2. I agree with you that Washingtonians generally want more than they pay for. Eastern Washington residents have been subsidized for far too long – levy equalization, road construction, that damn ferry over the river that is paid for from state taxes, not user fees or county specific taxes.

    It’s about time we ask other areas to start pulling their own weight.

    1. Frankly, I think the puget sound counties should just secede from the rest of the state. That would help them budget wise (since taxes have a net flow from the seattle area to eastern washington), and there wouldn’t really be many drawbacks—what does eastern washington provide the puget sound region?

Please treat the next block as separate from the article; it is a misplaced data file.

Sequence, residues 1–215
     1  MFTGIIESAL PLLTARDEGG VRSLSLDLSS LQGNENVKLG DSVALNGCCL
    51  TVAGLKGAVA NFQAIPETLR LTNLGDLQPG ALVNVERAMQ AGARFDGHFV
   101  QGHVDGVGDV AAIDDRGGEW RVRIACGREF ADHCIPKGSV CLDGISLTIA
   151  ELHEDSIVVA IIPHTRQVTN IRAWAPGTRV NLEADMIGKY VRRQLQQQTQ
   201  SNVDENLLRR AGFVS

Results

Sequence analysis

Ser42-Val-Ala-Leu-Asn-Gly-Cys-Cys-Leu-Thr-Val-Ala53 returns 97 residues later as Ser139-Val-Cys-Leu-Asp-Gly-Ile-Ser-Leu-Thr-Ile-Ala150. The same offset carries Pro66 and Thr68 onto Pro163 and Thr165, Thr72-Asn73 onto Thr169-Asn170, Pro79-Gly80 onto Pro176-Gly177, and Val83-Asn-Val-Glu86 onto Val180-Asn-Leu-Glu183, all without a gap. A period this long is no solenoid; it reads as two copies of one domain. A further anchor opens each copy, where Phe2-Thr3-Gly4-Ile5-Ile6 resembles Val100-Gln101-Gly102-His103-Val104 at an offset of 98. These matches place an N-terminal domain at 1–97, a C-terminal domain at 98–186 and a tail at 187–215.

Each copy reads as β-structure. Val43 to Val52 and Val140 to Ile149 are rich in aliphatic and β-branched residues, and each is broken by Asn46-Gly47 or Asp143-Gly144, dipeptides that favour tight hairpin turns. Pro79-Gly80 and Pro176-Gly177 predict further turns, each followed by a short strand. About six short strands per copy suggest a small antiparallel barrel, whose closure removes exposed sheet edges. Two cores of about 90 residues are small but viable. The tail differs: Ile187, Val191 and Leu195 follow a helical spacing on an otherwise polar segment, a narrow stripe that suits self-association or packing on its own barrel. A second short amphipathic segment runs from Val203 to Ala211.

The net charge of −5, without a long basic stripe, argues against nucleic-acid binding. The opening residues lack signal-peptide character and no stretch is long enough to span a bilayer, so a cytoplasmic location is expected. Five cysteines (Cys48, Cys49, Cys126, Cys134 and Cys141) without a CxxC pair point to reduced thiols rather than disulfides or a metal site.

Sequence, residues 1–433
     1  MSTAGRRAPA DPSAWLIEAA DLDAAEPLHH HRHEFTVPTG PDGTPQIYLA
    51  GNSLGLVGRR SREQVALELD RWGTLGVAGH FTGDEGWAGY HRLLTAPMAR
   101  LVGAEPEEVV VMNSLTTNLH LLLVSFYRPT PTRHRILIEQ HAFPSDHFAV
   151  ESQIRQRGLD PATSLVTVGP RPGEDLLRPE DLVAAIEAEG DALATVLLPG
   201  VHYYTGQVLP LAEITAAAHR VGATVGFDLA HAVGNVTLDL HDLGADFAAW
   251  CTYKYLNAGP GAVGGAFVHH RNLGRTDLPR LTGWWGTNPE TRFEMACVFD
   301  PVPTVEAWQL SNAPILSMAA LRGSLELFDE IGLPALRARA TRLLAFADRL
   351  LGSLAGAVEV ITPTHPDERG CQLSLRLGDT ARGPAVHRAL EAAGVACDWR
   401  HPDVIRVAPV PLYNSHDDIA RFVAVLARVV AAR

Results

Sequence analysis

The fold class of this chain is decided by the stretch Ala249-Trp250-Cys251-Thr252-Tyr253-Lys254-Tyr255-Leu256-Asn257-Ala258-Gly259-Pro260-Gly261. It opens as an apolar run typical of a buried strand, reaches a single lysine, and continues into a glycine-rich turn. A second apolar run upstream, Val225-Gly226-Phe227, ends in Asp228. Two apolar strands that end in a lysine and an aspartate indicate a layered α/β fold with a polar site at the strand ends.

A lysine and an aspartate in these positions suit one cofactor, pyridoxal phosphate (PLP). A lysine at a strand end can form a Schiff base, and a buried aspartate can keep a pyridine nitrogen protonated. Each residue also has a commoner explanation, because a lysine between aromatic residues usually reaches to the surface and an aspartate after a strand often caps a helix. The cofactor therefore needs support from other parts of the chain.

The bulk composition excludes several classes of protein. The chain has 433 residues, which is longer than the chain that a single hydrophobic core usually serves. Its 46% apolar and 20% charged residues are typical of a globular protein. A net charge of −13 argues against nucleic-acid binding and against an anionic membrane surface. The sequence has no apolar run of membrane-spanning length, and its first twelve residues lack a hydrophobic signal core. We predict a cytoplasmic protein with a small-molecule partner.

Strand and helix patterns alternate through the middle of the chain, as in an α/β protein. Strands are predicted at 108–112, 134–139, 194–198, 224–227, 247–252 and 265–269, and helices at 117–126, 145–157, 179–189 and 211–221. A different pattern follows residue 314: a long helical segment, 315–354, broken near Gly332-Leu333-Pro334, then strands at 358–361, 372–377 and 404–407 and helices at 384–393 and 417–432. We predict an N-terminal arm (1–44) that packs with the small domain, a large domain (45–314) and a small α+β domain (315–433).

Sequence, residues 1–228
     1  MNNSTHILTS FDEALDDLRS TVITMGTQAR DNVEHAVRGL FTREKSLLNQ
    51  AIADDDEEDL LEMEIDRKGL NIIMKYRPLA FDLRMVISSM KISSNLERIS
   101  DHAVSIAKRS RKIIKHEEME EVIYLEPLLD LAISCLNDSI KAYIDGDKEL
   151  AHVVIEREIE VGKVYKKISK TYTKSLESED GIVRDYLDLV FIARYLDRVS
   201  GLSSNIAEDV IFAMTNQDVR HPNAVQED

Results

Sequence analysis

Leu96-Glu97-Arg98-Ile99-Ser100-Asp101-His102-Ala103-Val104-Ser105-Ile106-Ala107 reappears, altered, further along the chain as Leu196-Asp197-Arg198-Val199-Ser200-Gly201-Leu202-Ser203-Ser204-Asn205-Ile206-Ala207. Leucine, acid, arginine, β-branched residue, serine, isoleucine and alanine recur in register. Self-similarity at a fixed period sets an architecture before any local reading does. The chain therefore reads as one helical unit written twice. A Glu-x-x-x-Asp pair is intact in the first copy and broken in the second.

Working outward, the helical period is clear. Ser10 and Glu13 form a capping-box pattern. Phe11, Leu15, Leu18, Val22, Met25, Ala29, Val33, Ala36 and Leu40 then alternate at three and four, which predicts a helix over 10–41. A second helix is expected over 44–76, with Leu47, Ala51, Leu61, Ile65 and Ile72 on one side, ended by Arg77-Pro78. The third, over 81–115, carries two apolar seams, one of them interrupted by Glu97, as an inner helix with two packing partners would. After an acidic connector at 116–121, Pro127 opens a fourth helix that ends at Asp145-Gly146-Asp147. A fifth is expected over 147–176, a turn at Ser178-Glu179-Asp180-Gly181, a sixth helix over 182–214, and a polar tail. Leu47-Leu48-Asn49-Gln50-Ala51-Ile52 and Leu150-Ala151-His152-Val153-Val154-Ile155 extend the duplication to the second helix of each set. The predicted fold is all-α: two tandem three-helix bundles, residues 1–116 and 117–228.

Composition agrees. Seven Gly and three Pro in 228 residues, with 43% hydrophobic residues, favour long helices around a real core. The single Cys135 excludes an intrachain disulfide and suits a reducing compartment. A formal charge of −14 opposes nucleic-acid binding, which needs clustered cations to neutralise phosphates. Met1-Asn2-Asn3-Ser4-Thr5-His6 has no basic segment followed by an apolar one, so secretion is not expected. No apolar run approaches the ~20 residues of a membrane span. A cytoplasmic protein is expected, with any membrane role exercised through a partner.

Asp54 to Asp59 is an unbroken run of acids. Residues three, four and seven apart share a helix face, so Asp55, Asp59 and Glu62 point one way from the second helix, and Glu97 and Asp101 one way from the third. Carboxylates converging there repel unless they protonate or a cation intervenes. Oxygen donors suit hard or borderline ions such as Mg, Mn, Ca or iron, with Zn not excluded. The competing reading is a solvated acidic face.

In fact, if it wasn’t for the conservative leanings of the eastern counties, we could pass the policies that we actually want, like privatized liquor sales or gas tax changes that allow the taxes to be used comprehensively.

      1. “[W]hat does eastern washington provide the puget sound region?”

        Food and energy. Nothing important. OK, we probably get more food from California (though I’m not sure about that), and it’s not like they’re going to stop selling food or transmitting electricty, but the reality is that Eastern Washington provides a lot to Western Washington.

        What they don’t provide is proportional tax revenue, particularly for roads. I don’t think secession is the answer, even if it might be more rational for the Columbia River basin to be a separate state from Puget Sound, but there’s a lot we can do short of that to bring more equity to the system.